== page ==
Darlington Raceway is a 1.366-mile egg-shaped oval located about 90 miles from the sandy beaches of Myrtle Beach and rests comfortably in an area called the Pee Dee region of South Carolina. It was the first major speedway in NASCAR history after Harold Brasington finished building it in 1950, and has remained a fixture in stock car racing ever since.
It's known by some as "The Track Too Tough to Tame" while to others it's "The Lady in Black," but regardless of what you call it, drivers simply know it as the hardest race track on the circuit. A win is treasured like no other because the skill needed to keep your car off the wall and manage tire wear against the gritty asphalt surface is something not easily accomplished.
No race exemplifies Darlington's toughness better than the Southern 500 that took place on Sept. 6, 1965 in which only 15 of 44 cars finished the race, and was highlighted by Cale Yarborough flying over the guard rail and down an embankment in turn one.
The attrition that day may have been partly responsible for Ned Jarrett winning by a NASCAR-record 14 laps, but it wasn't the sole reason. Jarrett and his No. 11 Ford were competitive all day, running up front and leading two times for 23 laps during the middle stages. But when Fred Lorenzen and Darel Dieringer both encountered mechanical problems on lap 325 of the 364-lap event, Jarrett was there to capitalize and cruise to victory.
"That was certainly the highlight of my driving career," said Jarrett. "Darlington was always very tough on equipment and cars would overheat. That was one of the problems they had because the track surface was rough and it would just grind the rubber off the tires. Even as hard as the tires were back in those days it would throw the rubber up into the grille of other cars and it was just hard to keep the car cool.
"Ford brought some new aluminum radiators for us to use at Darlington that year. They had more capacity as far as water was concerned and they made the fins wider so that it would hopefully suck that rubber through," recalled Jarrett. "Unfortunately, it didn't work that way. All the other Ford cars had trouble with overheating again because of the way the rubber just matted up on the radiator. We were able to nurse our car to the end."
In fact, the last 100 miles Jarrett's car was overheating so badly that every time it would accelerate going down the straightaway, the gauge would peg at 240 degrees. That meant the engine was actually running even hotter, so Jarrett decided to try something he had never done before.
"When I got ready to decelerate going into the turn, I didn't take my foot off the gas, but just turned the ignition switch off and let the raw gasoline run in," said Jarrett. "Sure enough, it would cool off 20-25 degrees. It was fun to be able to see that idea come to fruition, and it was also good for the fans because every time I cut the switch back on the car would backfire, so it would keep them awake. When you're 12-14 laps ahead of the field it's a pretty boring race, but that helped me nurse the car to the end and make it."
The win was Jarrett's 12th of the season and clinched the season championship, which was the first for Ford Racing in NASCAR's top series.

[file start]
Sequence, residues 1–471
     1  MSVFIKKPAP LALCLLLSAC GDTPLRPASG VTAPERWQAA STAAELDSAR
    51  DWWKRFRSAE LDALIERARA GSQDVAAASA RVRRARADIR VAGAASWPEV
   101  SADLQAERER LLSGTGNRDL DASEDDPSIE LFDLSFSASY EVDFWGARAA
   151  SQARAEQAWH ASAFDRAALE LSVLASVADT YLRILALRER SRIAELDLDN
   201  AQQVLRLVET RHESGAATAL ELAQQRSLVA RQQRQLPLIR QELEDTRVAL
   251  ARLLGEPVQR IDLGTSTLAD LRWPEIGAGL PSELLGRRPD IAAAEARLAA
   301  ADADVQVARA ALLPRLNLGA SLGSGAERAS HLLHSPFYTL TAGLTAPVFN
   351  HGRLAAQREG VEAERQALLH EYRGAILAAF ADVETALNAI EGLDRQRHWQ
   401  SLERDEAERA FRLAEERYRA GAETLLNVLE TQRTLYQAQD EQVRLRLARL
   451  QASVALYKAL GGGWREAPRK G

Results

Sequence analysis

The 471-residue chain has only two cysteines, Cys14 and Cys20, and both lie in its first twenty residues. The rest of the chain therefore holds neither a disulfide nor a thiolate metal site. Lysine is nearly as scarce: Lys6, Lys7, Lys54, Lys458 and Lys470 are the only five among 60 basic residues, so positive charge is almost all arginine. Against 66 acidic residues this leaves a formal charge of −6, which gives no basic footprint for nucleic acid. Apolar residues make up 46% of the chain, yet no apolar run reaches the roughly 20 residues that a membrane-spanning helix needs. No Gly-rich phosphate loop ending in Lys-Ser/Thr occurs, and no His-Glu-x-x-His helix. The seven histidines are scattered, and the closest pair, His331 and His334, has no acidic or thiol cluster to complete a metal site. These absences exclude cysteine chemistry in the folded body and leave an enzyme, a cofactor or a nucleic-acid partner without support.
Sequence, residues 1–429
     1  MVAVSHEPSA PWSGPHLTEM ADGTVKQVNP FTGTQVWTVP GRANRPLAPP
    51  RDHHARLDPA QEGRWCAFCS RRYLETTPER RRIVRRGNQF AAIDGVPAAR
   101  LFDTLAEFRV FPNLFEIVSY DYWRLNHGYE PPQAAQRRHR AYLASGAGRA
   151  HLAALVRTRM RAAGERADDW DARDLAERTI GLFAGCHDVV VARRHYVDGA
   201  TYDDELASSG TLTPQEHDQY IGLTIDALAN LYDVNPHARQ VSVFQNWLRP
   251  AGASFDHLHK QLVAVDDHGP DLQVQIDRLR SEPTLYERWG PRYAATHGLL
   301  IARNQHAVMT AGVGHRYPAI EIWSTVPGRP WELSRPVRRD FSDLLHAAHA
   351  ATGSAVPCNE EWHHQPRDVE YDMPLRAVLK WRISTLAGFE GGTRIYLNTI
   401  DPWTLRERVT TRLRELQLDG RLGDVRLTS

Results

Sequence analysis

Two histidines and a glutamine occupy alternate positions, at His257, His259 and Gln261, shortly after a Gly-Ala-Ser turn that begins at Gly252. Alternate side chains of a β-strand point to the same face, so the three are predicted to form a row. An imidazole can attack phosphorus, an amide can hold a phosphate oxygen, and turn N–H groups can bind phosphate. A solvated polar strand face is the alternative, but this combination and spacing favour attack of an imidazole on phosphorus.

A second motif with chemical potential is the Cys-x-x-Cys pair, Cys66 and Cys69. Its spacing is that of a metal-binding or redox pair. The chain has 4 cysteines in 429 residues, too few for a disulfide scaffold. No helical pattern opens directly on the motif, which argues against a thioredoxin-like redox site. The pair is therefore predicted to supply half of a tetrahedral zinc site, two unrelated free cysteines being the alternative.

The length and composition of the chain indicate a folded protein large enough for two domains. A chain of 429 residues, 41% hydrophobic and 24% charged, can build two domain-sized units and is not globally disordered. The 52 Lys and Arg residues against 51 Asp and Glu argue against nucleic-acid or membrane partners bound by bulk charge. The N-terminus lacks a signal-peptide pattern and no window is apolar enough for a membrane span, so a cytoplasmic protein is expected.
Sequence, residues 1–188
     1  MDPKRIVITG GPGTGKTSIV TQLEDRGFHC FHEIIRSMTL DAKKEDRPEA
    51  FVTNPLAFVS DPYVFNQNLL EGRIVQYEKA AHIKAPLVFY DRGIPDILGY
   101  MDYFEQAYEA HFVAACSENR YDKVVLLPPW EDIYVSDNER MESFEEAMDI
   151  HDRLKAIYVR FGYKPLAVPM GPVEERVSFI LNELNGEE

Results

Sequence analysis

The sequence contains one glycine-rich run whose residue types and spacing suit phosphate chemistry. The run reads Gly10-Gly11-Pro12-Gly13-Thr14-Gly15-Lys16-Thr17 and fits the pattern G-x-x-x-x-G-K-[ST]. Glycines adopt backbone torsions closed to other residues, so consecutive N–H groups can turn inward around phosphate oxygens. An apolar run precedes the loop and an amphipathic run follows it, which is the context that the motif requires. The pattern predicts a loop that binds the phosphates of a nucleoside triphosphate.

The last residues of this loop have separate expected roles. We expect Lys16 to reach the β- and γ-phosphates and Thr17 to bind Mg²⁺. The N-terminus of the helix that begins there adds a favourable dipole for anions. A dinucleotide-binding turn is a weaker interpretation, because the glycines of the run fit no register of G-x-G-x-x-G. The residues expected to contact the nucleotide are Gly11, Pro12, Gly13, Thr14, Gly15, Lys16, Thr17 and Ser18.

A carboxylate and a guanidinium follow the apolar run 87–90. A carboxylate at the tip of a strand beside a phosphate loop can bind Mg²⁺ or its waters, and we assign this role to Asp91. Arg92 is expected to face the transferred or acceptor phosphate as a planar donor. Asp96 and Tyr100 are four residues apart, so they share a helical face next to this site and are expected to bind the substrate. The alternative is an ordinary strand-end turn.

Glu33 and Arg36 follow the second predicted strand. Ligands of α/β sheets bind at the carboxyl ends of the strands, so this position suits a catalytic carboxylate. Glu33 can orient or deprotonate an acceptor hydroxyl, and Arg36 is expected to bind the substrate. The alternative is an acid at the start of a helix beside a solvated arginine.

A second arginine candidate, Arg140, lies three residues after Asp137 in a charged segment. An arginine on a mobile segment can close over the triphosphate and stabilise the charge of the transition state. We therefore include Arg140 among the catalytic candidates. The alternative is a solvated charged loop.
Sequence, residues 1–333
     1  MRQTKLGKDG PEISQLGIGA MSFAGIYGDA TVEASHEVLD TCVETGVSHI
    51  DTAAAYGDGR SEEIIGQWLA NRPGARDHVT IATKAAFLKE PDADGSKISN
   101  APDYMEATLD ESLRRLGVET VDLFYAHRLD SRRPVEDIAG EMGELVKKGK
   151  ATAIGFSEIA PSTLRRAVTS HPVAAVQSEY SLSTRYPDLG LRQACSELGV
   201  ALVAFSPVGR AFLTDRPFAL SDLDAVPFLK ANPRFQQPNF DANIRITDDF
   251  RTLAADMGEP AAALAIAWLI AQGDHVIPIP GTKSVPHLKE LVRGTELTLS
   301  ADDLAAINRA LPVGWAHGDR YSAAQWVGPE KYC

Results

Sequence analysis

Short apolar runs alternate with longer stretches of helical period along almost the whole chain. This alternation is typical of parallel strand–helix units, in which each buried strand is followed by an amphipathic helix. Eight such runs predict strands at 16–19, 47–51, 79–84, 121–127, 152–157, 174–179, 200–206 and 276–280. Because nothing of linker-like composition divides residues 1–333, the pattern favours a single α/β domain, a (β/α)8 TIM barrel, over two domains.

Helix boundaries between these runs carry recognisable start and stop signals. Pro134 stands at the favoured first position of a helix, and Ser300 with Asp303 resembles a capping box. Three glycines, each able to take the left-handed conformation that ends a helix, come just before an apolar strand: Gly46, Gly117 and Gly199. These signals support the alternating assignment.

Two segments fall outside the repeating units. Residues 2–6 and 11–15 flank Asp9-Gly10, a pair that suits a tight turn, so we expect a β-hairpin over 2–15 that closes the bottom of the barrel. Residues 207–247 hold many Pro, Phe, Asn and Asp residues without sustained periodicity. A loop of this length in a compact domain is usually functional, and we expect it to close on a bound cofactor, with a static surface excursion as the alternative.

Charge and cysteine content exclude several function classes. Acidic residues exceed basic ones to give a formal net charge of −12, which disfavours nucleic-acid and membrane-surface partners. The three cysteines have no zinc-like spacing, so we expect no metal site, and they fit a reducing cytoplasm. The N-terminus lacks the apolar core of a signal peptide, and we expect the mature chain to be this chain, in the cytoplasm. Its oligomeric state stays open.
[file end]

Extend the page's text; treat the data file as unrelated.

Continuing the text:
"He was much like Fireball Roberts - just amazingly smooth and consistent lap after lap after lap. That's what enabled him to win the Southern 500 by 14 laps," said former Charlotte Observer motorsports writer Tom Higgins. "It was an awful hot day in Darlington and there was a lot of attrition, but he was gonna win that race regardless of what had happened just by his consistency and smoothness."
While conducting his post-race press conference with reporters, Jarrett was asked how he accounted for such a large margin of victory. His response was one of the best Higgins ever heard.
"Well, I spoke to a Methodist Youth Fellowship Group last night. When I left, the kids followed me out and said they were gonna pray for me," said Jarrett. "Now, I've always believed in the power of prayer, but not on a scale like that."
After enjoying victory lane and collecting his check for $22,050, Jarrett packed up his family and made the short drive home to Camden.
"We lived in a small neighborhood. Camden is not a very big town, but it seemed like when we drove up to the house everybody in the town was there," remembered Dale Jarrett. "My dad was a special person to a lot of people there, and I think it was really then that I realized my dad had done a lot. It was just an incredible welcome for my dad and for our family."
Ned Jarrett was equally surprised by the welcome he received. "That was very, very special - to pull up to our home in a town that we didn't grow up in," he said. "We grew up in North Carolina, but Camden became our adopted home when I decided to go there to manage the team and drive for Bondy Long. To have so many fans come out was special. They already had a big banner made that was stretched out between the trees in the yard and to see that many fans there waiting for us is something I'll never forget."
Higgins won't forget that day either, but for another reason.
"I had taken over the racing beat at the Charlotte Observer that particular year because George Cunningham left the paper to become the first public relations director at Rockingham. He and I were sharing a room that weekend and as I was writing my advance for the race he distracted me," recalled Higgins. "We were great friends, but I lost my concentration right in the middle of listing some potential winners and I left out Ned Jarrett, who won the race by 14 laps. I caught quite a bit of grief over that, but it was good-natured grief."